"Being surrounded by hardworking, ambitious women of all ages has helped me become a better listener, leader, and overall entrepreneur.” - Maya Mutalik, Founder of Hope Sews
One of the most important weeks in U.S. fashion happens in February at NY Fashion Week. To celebrate, the WIN Lab is highlighting fashion entrepreneurs who are adding their own unique flavor to the industry. Here, we talked to Maya Mutalik, the founder of Hope Sews, a fashion startup that supports women entrepreneurs in Ghana.
Q.1 Tell us the story of Hope Sews. Who was the seamstress who inspired you to start the business?
My Hope Sews journey began in the small village of Anloga, Ghana, where I was fortunate enough to meet a seamstress named Vida Sowah. I was deeply inspired by her ambition, work ethic, and desire to help other women in her community succeed. I learned that Vida was unable to meet demands and expand her business in large part because she did not own a single electric sewing machine. Her reality mimicked the reality of many seamstresses in Ghana.
As someone who has always loved fashion and clothing experimentation, I also saw an exciting opportunity to use the African wax prints I bought at the market to create designs that merged both western and Ghanaian styles. I still remember the endless compliments I received when I wore these outfits after coming back to the US; the look was vibrant, bold, and exciting.
Vida’s story and the compliments I received sparked the idea of a social enterprise that would sell modern clothing made from authentic Ghanaian fabrics and provide seamstresses facing financial hardships with micro-finance loans to help them grow their businesses.
Hope Sews has since provided its first electric sewing machine to Vida. She now uses it to increase operational efficiency as well as mentor young women in her community so they too have a chance at a brighter future in the seamstress industry. We are now working with 12 other seamstresses to provide them with the tools they need to grow, and we are just getting started.
Q.2 What were your initial steps in turning Hope Sews from an idea into reality?
In any social impact venture that aims to impact people’s livelihoods, one must take a deeply pragmatic approach. Before blindly delving into the seamstress industry in Ghana, I wanted to understand how pressing the challenges women faced were and how my proposed solutions would impact them. I spent the first two months conducting heavy market research, absorbing as much information as I could about the seamstress industry in Anloga, interviewing 15 seamstresses and writing thorough research reports. I also created a Look Book of my clothing designs and sought feedback from potential target customers and fashion experts. Only after confirming that people would be willing to pay for this clothing and that struggling seamstresses were in desperate need of resources and micro-finance loans did I feel ready to make the next push to begin producing the clothing and officially testing the market.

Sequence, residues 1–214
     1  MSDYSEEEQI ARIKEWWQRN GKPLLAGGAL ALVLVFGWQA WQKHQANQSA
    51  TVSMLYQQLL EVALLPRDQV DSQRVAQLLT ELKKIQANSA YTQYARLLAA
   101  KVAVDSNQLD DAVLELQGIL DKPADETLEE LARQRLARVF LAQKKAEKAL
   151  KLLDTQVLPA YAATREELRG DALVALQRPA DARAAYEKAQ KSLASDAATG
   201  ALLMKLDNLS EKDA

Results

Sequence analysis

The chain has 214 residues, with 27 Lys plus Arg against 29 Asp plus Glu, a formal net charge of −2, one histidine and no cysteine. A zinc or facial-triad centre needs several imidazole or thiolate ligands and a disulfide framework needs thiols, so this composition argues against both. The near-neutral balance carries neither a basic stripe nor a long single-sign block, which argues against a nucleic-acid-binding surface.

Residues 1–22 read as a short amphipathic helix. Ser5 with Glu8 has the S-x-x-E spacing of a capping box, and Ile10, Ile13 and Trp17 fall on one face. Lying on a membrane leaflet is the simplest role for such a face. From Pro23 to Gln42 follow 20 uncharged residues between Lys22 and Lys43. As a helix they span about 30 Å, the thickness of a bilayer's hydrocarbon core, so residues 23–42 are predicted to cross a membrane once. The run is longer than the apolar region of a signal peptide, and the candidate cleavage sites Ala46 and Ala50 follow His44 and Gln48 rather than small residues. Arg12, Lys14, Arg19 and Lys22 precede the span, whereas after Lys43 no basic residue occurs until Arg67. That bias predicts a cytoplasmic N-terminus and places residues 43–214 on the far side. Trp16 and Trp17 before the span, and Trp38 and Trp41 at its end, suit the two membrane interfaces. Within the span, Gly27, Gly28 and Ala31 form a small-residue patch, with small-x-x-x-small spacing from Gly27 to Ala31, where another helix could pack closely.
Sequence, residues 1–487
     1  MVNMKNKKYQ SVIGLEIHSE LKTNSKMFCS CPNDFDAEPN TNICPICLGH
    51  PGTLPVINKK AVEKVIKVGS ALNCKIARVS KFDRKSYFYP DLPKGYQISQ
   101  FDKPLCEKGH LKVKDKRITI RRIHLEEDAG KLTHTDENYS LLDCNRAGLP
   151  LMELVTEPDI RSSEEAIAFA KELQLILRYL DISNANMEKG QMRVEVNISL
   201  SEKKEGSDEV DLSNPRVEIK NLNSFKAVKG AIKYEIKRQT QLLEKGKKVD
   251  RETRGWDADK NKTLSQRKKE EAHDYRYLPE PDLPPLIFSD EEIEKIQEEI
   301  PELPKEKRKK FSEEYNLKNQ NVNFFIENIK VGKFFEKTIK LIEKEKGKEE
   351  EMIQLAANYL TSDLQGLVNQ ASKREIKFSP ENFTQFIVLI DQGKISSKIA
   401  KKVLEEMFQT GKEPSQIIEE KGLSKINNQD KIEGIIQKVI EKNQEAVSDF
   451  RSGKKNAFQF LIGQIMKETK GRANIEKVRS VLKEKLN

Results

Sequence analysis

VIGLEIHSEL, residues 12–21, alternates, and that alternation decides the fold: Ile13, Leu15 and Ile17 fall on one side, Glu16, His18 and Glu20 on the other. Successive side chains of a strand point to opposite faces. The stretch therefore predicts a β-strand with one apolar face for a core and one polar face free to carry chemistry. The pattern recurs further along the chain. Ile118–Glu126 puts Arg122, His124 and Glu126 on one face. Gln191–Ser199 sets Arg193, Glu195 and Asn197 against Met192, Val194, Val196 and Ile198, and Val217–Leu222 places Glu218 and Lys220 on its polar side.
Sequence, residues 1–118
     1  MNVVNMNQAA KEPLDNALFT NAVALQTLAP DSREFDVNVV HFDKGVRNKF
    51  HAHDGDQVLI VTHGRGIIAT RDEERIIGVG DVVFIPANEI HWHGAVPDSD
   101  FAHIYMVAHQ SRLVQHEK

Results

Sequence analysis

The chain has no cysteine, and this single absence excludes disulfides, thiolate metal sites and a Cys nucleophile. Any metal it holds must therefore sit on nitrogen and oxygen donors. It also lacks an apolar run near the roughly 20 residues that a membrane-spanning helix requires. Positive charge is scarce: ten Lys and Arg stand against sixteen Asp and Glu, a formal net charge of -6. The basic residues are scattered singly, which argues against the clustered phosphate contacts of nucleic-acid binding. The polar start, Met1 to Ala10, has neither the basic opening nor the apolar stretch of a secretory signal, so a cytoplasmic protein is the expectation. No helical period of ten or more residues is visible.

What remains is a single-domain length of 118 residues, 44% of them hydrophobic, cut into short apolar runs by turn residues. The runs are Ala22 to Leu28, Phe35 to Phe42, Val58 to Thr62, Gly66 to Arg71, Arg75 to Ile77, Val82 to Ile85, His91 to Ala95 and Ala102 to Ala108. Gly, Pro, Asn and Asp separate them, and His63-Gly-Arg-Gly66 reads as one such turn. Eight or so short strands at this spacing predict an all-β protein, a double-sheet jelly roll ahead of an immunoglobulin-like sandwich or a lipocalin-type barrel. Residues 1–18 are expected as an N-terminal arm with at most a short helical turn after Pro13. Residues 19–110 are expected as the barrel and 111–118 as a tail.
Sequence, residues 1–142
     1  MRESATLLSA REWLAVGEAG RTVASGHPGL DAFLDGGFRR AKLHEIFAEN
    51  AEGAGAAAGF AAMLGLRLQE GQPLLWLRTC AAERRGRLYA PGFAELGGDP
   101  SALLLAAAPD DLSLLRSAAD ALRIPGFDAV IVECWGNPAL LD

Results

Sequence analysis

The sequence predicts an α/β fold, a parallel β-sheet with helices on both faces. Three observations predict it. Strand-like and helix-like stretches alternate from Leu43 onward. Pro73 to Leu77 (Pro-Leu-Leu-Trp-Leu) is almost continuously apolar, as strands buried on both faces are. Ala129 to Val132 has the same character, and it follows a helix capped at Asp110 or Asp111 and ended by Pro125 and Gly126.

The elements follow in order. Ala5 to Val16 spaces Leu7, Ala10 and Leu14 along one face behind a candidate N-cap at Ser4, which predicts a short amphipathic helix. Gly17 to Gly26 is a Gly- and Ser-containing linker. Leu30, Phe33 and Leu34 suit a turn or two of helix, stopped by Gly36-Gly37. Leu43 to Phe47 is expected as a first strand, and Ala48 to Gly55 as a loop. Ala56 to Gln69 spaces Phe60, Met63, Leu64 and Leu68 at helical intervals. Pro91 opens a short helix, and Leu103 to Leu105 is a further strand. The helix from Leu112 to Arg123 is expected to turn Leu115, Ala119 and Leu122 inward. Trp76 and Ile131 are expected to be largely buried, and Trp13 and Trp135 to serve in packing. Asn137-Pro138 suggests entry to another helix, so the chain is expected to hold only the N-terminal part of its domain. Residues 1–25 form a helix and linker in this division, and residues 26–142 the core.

Q.3 How are you scaling and managing the business in Ghana as you attend classes at Babson College?
As I move through college, the balancing act has undoubtedly been a growing challenge. I strive to make my company successful but I also value my college education, and in particular, the Babson curriculum. Fortunately, as a student in an entrepreneurial school, many of the lessons I need to succeed go hand in hand with the content I learn in my classes. Being part of WIN lab in addition to classes is demanding and requires sacrifices but I have found a schedule that works for me and the pace at which I want to grow my business.
Q.4 Hope Sews has a powerful mission. Tell us about the impact that you’ve seen the company have to date.
We are rooted in our social mission of providing women with the tools they need to change the course of their businesses. Through a thorough vetting process, the Hope Sews team hand selects hardworking seamstresses in Ghana that are most in need of resources and financial assistance. 10% of every purchase goes toward providing them with highly effective micro-finance loans for sewing machines that allow them to scale their businesses, meet demands, and employ more women. The end result is a ripple effect that empowers a chain of women and girls. Support our mission by reading our seamstress stories, joining our mailing list to shop the next collection, or making a donation of any size at https://www.hopesews.com/theseamstresses.
Q.5 Fashion can be a finicky business. What’s the biggest hurdle you’ve come up against and how did you manage to move over it?
The production process in the fashion industry is often slow and tedious, and it is even harder to navigate as an individual breaking into it without a technical fashion background. I have faced lots of bottlenecks with production that have been discouraging and altered my initial plans. However, I am willing to sacrifice immediate results in order to absorb as much information as I can and ensure the highest quality for my products.
Q.6 How has the WIN Lab helped you achieve your entrepreneurial goals more efficiently?
WIN Lab provides me with expert advisors that simultaneously support and push me towards personal and professional growth. The program has enhanced my ability to manage finances, navigate the legal business world, and negotiate. It has also made me more reflective and collaborative. The greatest value WIN Lab provides by far is the incredible women who make up the cohort. Surrounded by hardworking, ambitious women of all ages has helped me become a better listener, leader, and overall entrepreneur.